Hedge funds had covered only a small part of their record short position in crude oil by early last week, but it was still enough to send prices surging more than $6 higher over the course of Thursday and Friday.
Hedge funds reduced their combined short positions in the main Brent and WTI futures and options contracts by 16 million barrels, just 4 percent, over the seven days to Jan. 19.
Combined short positions in the main NYMEX and ICE Futures Europe contracts were cut from a record 392 million barrels to 376 million barrels, which was still the second-largest short recorded.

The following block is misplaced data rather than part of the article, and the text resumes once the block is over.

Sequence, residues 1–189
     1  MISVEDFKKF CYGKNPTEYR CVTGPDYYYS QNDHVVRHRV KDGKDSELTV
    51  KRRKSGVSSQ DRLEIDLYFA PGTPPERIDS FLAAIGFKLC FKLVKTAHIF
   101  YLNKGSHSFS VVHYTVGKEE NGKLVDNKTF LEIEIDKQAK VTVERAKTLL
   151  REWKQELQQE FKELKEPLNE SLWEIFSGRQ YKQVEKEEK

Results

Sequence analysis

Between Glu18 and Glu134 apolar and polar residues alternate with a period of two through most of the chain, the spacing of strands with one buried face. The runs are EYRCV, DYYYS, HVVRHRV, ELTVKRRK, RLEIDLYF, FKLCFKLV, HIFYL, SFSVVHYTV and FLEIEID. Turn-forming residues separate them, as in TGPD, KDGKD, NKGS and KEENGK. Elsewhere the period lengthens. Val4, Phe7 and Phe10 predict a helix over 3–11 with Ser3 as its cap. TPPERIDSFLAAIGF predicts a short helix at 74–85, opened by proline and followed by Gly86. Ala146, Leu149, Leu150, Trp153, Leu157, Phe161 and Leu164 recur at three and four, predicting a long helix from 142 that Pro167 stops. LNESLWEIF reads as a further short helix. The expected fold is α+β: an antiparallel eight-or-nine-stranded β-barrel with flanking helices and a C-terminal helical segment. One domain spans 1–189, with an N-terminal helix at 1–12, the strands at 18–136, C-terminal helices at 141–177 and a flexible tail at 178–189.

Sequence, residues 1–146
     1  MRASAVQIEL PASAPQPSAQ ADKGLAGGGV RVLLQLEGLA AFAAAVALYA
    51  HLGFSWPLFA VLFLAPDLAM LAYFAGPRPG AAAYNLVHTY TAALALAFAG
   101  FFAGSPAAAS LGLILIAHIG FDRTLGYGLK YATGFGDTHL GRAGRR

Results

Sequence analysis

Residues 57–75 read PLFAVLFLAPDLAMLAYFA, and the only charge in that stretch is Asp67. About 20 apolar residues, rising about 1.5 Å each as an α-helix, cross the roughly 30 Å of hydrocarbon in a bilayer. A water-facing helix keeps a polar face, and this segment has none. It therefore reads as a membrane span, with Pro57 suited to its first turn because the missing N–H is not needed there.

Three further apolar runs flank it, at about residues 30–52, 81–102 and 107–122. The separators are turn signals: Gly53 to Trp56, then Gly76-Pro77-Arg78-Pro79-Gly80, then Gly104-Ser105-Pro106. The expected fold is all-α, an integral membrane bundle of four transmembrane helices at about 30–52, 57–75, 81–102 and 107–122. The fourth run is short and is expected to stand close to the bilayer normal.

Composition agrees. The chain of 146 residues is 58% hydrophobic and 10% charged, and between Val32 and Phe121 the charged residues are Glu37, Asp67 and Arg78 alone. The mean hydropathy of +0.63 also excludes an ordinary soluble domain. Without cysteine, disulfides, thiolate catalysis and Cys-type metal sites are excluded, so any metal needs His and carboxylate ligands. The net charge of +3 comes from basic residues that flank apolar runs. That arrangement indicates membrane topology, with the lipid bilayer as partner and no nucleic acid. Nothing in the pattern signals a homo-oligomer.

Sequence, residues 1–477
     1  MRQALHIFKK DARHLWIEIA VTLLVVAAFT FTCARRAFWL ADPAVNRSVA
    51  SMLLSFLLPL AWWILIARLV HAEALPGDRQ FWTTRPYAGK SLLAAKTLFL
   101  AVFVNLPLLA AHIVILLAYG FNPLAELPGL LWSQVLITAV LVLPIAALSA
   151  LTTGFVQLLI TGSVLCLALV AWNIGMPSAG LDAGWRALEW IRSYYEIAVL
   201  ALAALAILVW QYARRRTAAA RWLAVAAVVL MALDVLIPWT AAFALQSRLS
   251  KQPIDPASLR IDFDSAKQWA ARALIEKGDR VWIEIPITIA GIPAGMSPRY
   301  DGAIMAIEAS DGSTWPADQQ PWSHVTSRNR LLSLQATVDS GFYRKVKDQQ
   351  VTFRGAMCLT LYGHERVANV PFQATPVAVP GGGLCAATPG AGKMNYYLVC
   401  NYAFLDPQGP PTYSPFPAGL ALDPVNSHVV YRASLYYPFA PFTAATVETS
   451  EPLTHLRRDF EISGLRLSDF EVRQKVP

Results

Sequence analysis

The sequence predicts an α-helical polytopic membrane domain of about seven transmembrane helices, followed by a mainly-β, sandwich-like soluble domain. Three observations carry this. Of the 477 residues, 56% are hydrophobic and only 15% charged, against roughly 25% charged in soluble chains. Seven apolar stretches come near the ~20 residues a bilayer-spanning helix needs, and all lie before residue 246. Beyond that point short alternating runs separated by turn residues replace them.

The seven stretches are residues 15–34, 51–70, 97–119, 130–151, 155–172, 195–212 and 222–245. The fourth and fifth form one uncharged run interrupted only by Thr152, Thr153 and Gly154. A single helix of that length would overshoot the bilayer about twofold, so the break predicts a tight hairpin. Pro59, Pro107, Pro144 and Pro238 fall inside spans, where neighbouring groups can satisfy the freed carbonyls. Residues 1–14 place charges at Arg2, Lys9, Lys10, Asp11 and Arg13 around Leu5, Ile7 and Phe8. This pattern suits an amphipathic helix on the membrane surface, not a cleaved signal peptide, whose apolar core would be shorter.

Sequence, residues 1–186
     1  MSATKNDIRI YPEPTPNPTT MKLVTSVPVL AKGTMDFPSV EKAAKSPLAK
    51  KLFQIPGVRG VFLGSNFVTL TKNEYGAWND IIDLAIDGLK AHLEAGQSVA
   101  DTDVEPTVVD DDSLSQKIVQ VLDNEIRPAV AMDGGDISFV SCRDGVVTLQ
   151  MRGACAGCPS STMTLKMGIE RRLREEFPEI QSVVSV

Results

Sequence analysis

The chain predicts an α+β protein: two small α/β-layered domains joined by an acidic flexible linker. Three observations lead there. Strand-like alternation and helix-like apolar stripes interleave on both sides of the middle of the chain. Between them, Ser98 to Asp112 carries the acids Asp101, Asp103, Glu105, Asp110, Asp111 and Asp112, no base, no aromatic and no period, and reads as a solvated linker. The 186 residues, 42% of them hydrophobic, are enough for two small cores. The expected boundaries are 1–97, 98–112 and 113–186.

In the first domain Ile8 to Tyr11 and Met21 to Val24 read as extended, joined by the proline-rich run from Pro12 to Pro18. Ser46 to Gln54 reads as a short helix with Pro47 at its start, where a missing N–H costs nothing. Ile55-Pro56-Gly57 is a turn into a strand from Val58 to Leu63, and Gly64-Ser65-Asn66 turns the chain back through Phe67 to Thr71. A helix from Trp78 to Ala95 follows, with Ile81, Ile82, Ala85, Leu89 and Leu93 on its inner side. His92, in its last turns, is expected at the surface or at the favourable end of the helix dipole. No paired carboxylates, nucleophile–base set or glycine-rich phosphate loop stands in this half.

Shorting by hedge funds and other money managers has been closely correlated with the rise and fall of crude futures prices since the start of 2015.
The enormous short positions built up by hedge funds over the last three months have coincided with the decline in oil prices to the lowest levels since 2003.
But the concentration of short positions has left the price crash looking over-extended and vulnerable to any change in sentiment or simply profit-taking.
So it comes as no surprise once the selling pressure paused and some hedge funds began to lighten their short positions it triggered an aggressive rally.